Atypical antipsychotics off-label use increases diabetes risk among elderly: new study

Atypical antipsychotics are used for treating schizophrenia, bipolar mania and acute mania and are s

Prescription Solutions, a pharmacy benefits management organisation and UnitedHealth Group company have released results of a new study which showed an important new evidence that the use of atypical antipsychotics among the elderly for off-label purposes is associated with increased risk of developing diabetes.

Prescription Solutions and UnitedHealth Group company said that Atypical antipsychotics (AAs) are a group of newer-generation antipsychotic drugs that are indicated for the treatment of psychiatric conditions including schizophrenia, bipolar mania and acute mania; but are often prescribed for unapproved indications ('off-label') by physicians.

The correlation between the use of AAs and new-onset metabolic syndrome (which often leads to diabetes) has been widely documented in younger and middle-aged schizophrenic and bipolar patients. Previous studies suggested that because the elderly are usually given AAs in smaller doses than younger patients, the same weight gain and resulting diabetes would not be expected.

However, in this retrospective study of 78,450 elderly patients without diagnoses of schizophrenia, bipolar disorder or diabetes, an association was demonstrated between study patients being on an atypical antipsychotic and starting a diabetic medication.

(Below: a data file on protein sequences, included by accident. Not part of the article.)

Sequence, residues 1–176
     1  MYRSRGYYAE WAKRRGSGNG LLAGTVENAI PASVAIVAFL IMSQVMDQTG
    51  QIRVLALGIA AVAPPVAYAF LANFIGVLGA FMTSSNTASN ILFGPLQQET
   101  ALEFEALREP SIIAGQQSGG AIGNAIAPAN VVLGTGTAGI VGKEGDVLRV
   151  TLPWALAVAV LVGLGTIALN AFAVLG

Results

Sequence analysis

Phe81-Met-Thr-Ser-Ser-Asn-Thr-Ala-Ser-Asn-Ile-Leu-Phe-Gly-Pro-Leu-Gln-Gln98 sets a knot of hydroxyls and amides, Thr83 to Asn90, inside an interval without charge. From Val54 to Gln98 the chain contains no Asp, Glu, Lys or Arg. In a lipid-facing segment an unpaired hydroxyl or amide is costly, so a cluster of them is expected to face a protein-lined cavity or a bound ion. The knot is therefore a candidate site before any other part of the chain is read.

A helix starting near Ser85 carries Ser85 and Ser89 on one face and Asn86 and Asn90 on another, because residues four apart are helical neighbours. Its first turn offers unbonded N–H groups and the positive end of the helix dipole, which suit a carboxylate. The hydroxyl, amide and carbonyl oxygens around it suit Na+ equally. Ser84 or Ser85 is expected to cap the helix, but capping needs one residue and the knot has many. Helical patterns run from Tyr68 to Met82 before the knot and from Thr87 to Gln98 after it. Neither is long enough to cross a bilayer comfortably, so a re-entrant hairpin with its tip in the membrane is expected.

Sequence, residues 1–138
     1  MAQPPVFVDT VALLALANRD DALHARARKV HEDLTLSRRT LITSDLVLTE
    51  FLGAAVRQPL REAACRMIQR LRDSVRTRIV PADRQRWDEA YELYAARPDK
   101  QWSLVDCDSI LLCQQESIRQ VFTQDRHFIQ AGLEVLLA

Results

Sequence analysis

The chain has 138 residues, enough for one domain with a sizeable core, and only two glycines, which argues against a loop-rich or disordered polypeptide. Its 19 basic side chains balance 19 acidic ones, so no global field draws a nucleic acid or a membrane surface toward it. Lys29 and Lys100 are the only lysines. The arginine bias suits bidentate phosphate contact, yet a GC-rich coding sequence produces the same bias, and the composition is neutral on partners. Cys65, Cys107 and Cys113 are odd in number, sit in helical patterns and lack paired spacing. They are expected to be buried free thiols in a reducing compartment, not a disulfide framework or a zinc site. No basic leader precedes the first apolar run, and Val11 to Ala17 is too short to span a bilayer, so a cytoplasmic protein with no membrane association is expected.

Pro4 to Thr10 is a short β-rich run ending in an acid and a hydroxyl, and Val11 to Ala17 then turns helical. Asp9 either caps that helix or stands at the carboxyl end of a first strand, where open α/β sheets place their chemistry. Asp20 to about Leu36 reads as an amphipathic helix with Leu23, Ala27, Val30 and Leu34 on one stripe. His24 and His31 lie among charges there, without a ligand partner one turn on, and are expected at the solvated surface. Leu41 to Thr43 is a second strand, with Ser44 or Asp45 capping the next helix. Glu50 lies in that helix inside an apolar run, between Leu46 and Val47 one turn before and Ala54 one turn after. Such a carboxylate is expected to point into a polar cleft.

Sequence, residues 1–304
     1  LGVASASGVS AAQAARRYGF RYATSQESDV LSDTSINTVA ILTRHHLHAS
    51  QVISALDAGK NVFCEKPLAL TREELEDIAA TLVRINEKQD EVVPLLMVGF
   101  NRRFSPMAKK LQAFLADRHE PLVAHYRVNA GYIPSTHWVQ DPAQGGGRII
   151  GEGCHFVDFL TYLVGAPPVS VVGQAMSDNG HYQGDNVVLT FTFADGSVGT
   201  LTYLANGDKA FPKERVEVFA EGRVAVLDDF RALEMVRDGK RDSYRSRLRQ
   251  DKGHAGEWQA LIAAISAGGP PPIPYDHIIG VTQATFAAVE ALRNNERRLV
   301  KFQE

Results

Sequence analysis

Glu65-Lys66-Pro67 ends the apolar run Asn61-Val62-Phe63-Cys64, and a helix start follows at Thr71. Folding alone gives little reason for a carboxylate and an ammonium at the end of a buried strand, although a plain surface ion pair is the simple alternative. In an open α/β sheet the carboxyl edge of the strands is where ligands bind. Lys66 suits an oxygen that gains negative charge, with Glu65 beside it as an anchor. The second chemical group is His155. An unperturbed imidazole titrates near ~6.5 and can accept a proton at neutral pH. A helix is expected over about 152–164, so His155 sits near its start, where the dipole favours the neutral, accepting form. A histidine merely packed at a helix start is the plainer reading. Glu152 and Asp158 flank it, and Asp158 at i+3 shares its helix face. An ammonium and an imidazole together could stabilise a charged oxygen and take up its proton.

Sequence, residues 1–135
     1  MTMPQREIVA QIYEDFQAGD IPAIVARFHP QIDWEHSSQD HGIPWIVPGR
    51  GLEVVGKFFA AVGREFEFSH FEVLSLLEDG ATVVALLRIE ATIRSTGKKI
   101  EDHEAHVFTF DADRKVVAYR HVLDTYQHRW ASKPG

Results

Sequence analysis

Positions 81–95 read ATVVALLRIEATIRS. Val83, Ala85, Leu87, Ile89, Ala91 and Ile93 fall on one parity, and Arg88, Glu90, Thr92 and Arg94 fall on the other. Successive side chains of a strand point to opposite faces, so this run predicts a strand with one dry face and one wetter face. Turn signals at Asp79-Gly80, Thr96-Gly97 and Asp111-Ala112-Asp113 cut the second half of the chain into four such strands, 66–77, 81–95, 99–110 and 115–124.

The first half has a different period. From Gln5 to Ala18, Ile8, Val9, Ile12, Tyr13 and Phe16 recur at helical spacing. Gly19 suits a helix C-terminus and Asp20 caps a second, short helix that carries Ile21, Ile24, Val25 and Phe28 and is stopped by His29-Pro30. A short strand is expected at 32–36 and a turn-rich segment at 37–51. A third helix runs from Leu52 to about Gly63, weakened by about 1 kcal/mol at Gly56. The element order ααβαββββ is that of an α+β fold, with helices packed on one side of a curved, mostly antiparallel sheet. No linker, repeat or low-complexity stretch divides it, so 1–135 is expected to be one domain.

This was demonstrated even though 97 per cent of the study patients with AA fills had doses within recommended guidelines for the treatment of dementia. Elderly patients with at least one fill of an AA drug had 32 per cent greater odds of starting a medication for diabetes within one year compared to similar patients without AA exposure.

Reportedly, AAs are widely used for off-label indications in the elderly for conditions such as dementia. Earlier studies may not have shown the same correlation between AAs and diabetes due to smaller study sample sizes or missing data. For example, the CATIE-AD trial2 demonstrated that female patients with Alzheimer's disease had weight gain with AA treatment, but the study was not powered to measure outcomes related to diabetes.

Joseph Addiego, senior vice president and chief medical officer of Prescription Solutions, said: "We are fortunate to have a wealth of retrospective data that helps us study the effects of medications on this growing population.

"The message for physicians who may be prescribing atypical antipsychotics for the elderly is to be careful not to discount the risk of new-onset diabetes, even when prescribing these drugs in small doses".